Edward McCrorie's newly published translation of Homer's Iliad was undertaken with the goal of producing a modern English version of the great poem that remains true to the style and pronunciation of the original. Homer's masterpiece of course was recorded in dactyklic hexameters (based on syllable length, not upon stress as would be the case in an English language poem), which is a downbeat meter, rather than an upbeat meter such as iambic characteristic of muct traditional English poetry. McCrorie believes that this Greek "falling" meter was well-suited for the sense of doom that overhangs the Iliad, so he chose to cast his translation into a downbeat meter (usually with five beats to the line), all the while staying a closely as practical to the sounds of the original Greek. I do not flatter myself that I have sufficent command of Homeric Greek to wholly evaluate the degree of McCrorie's success, but at the very least his translation makes full use of the original Homeric form of character names ("Akhilleus" rather than the more usual latinate "Achilles"), with the proper pronunciations detailed in an appendix.
However, it seems to me that as an English language poem McCrorie's translation falls a little short of ideal It lacks that vigorous driving energy found in the best translations of the Iliad. Perhaps word choices have been overly restricted by the translator's desire to remain close to the original Greek sounds, with the result that, however technically accurate the translation may be, there is an absence of immediate vividness to carry the poem along at a rapid pace. My first thought was that this air of flatness might have been the result of the choice of using a downbeat meter, but then I thought back to Rodney Merrill's Iliad translation several years ago, also undertaken with the view of capturing the tone of the original Greek and employing a downbeat hexameter to do so. Merrill's translation, it seems to me, succeeds better as an English language poem than McCrorie's, with a highly desirable central energy and proving to me that a downbeat meter is not inimical to a vigorous translation.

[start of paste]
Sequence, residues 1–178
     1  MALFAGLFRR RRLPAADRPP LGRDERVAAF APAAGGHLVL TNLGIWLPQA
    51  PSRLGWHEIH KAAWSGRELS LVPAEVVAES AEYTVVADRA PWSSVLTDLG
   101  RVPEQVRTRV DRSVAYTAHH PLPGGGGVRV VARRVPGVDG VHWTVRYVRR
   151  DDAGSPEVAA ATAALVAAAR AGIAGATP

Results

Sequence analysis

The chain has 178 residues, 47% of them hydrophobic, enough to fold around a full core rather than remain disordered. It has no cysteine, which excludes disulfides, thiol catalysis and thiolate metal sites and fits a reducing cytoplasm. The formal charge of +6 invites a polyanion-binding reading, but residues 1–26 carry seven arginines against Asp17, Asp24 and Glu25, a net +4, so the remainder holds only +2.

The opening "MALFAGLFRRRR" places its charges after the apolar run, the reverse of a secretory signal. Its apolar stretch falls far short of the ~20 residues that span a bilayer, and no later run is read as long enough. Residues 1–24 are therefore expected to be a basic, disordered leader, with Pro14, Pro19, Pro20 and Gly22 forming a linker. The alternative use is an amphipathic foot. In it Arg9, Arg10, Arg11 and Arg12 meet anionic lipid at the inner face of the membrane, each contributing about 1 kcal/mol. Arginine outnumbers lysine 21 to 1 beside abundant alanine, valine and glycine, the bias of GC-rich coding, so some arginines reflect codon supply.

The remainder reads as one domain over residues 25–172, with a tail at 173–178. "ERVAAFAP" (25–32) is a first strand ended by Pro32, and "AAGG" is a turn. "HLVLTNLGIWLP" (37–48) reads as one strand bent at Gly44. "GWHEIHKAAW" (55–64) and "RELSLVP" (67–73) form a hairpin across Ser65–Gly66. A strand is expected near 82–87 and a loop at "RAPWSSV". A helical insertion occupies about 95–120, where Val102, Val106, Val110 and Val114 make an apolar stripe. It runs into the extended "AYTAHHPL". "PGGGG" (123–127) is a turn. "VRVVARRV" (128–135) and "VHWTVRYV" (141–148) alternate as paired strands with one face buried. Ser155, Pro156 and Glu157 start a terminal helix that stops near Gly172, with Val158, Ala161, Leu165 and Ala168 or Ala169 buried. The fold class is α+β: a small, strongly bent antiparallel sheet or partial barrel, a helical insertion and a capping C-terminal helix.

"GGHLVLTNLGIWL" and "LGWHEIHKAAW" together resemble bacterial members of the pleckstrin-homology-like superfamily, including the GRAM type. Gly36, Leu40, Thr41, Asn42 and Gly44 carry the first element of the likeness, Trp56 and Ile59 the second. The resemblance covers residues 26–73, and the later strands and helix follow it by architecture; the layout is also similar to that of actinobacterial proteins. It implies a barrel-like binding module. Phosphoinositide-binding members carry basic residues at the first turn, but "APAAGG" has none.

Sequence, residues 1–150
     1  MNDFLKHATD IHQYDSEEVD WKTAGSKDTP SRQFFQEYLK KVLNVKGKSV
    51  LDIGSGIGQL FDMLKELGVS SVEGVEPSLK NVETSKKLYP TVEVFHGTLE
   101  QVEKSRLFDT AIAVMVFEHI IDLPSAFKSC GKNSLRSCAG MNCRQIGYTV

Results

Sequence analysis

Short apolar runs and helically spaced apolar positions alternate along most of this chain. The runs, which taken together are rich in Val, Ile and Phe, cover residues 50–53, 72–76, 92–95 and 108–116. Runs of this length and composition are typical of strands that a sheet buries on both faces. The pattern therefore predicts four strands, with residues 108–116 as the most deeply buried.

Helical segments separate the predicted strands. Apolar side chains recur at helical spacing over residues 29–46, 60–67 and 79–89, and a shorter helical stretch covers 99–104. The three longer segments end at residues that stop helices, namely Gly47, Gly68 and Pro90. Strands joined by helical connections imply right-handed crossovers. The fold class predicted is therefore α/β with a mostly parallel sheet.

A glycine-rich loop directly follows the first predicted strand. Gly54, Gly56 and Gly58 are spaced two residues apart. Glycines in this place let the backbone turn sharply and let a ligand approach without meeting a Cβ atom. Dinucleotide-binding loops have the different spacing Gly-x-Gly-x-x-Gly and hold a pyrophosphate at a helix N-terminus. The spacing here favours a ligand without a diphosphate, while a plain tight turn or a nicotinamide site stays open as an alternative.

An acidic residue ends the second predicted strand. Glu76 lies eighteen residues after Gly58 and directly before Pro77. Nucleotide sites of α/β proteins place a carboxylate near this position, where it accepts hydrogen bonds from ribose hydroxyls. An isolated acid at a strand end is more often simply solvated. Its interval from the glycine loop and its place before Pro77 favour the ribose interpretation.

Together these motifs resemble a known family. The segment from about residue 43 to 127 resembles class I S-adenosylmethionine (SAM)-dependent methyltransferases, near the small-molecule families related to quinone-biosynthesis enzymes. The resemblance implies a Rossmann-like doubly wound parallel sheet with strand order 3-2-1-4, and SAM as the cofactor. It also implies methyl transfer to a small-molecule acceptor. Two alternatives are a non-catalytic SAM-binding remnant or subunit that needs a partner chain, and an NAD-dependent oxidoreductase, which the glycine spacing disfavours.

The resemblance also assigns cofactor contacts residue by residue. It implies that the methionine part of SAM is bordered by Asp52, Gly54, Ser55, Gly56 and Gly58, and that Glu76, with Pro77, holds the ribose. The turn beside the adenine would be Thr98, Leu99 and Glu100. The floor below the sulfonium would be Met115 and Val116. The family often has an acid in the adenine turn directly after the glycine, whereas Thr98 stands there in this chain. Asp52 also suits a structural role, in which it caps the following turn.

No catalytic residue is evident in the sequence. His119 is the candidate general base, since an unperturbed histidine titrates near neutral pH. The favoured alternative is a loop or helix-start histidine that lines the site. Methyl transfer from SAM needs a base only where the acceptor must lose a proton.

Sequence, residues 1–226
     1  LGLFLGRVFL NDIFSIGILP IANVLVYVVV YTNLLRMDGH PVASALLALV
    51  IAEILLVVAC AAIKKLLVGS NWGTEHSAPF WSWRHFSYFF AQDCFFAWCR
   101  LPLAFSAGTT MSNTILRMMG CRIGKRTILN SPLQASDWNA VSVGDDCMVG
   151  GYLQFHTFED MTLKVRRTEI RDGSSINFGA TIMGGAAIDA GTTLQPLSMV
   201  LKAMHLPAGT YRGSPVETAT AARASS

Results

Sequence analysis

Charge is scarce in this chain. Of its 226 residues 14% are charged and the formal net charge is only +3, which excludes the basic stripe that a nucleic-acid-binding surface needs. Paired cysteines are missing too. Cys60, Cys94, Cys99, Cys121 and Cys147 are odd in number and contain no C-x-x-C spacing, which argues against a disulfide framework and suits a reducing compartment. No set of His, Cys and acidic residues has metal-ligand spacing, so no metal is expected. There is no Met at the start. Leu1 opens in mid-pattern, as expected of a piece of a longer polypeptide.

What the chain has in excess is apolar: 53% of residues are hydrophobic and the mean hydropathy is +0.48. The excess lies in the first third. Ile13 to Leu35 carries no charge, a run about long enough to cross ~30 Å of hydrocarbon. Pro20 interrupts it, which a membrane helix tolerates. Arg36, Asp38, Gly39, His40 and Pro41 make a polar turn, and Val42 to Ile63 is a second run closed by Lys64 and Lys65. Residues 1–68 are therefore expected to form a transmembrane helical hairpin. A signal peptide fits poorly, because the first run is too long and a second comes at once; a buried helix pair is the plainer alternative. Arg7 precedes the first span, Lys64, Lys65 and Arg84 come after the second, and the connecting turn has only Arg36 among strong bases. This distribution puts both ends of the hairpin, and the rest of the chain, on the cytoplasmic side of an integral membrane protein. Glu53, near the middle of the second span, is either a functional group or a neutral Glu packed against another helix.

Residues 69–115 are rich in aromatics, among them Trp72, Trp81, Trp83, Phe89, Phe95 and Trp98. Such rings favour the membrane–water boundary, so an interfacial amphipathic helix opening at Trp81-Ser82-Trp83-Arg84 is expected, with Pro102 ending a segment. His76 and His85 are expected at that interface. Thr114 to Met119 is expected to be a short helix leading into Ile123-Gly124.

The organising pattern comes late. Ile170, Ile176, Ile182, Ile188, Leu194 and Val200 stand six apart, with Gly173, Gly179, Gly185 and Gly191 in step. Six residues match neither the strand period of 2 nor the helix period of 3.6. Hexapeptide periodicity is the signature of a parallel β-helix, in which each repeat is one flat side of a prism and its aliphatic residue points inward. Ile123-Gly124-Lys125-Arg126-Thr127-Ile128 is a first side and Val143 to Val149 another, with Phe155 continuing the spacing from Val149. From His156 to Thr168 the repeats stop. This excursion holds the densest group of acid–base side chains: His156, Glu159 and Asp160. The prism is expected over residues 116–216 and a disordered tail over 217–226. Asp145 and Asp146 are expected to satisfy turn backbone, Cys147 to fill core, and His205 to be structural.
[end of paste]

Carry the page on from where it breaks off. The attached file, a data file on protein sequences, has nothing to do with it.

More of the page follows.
Appreciation of poetry, of course, is an extremely subjective matter. What does not fully appeal to one reader may seem a masterpiece to another. I do believe that McCrorie's Iliad translation is certainly worthwhile to read, even if it may not be the most vivid version of Homer's poem available to the English language reader. Much value is added by introductory essays by the translator and by Erwin Cook, greatly illuminating the nature of the original poem.